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National metals theft bill ‘redundant,’ ISRI says

Keywords: Tags  ISRI, metals theft prevention act, Mark Reiter, Willian Johnson, Amy Klobuchar, Charles Schumer, Daniel Fitzgerald


NEW YORK — A bill proposed this week aimed at curbing metal thefts nationally will create "redundancy and confusion" by duplicating existing state-based laws, according to the Institute of Scrap Recycling Industries.

The Metal Theft Prevention Act—introduced by Sen. Amy Klobuchar (D., Minn.) and co-sponsored by Sens. Lindsey Graham (R., S.C.) and Chuck Schumer (D., N.Y.)—requires scrap metal dealers to keep records of secondary metals purchases for two years and make them available to law enforcement agencies, as well as requiring scrap metal purchases in excess of $100 to be made by check instead of cash.

Crucially, however, the bill doesn’t override laws enacted at the state or local government level.

One new provision is the designation of certain types of metals theft as a federal crime, punishable with up to 10 years in a federal prison.

ISRI assistant vice president and chief lobbyist Mark Reiter told AMM that while the association is encouraged by the inclusion of the federal crime provision, the trade group is unable to support the bill as it contains "duplicative and redundant" provisions for documentation and cash thresholds.

"Our position is that given 49 states have enacted laws which require such documentation, and 26 states have cash threshold requirements, it was not necessary to repeat them," he said.

Duplicating such provisions would create "redundancy and confusion," Reiter said.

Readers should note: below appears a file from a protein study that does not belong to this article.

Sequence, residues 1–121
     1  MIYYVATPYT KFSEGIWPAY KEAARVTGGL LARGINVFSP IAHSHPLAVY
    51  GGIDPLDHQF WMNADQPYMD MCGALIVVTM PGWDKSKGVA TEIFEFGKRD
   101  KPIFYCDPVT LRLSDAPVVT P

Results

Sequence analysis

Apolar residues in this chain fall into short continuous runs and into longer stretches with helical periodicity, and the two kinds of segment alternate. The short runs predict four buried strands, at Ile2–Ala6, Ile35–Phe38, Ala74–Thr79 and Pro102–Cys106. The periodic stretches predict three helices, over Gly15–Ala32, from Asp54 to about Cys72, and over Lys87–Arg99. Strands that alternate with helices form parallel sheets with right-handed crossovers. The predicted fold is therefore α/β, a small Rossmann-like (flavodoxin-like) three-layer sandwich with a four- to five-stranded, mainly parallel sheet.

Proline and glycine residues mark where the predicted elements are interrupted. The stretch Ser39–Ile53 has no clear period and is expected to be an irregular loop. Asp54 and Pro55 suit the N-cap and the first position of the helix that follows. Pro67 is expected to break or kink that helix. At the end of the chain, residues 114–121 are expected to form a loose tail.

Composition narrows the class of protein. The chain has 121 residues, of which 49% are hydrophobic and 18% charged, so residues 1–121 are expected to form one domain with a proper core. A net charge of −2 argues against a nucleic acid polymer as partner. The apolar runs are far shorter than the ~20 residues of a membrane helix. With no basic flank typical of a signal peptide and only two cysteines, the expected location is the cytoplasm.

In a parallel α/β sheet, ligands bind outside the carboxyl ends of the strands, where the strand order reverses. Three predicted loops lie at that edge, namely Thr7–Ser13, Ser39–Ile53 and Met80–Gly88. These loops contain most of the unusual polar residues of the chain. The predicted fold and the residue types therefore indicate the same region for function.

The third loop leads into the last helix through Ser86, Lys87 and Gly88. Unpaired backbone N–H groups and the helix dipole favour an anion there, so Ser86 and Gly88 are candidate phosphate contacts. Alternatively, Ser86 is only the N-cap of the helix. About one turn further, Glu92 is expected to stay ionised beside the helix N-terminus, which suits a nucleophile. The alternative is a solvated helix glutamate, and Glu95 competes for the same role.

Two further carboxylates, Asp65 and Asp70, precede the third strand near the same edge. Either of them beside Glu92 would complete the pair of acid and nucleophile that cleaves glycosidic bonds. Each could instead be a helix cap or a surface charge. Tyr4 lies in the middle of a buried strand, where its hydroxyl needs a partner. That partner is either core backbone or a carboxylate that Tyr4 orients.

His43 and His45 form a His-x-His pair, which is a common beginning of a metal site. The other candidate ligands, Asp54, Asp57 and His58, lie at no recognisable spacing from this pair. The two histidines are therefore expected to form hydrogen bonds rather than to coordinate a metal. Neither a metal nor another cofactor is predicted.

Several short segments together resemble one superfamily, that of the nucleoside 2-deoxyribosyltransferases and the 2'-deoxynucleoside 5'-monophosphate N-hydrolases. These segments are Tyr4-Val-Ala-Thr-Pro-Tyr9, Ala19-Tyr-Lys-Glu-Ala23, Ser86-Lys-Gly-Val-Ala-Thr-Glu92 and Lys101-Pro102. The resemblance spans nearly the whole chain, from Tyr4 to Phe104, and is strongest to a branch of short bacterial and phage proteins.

"We’ve been pursuing an effective bill. We would like to have one. But we don’t want a bill that would be ineffective or cause more problems," ISRI director of political and public affairs William Johnson said.

ISRI and Klobuchar’s office had been working together on the bill for more than a year, Reiter said, adding that ISRI had noted its concerns.

ISRI had been pushing for a "thieves only" bill, he said, noting that the association would have supported the bill if it was condensed to only include the "federal crime" provision.

Johnson described this provision as a "deterrent" for scrap metals thieves, and recyclers would be able to "scare" thieves by erecting signs listing the penalties for such crimes.

ISRI had been pushing for the bill to permit recyclers to use ATM-style machines that dispense cash, while also photographing scrap peddlers for inclusion in transaction records, Reiter said. This hasn’t been included in the current bill.

Klobuchar’s office didn’t respond to requests for comment. Previous scrap metals theft bills introduced by Klobuchar and Schumer have failed to make it through the committee stage (amm.com, Dec 10, 2009).


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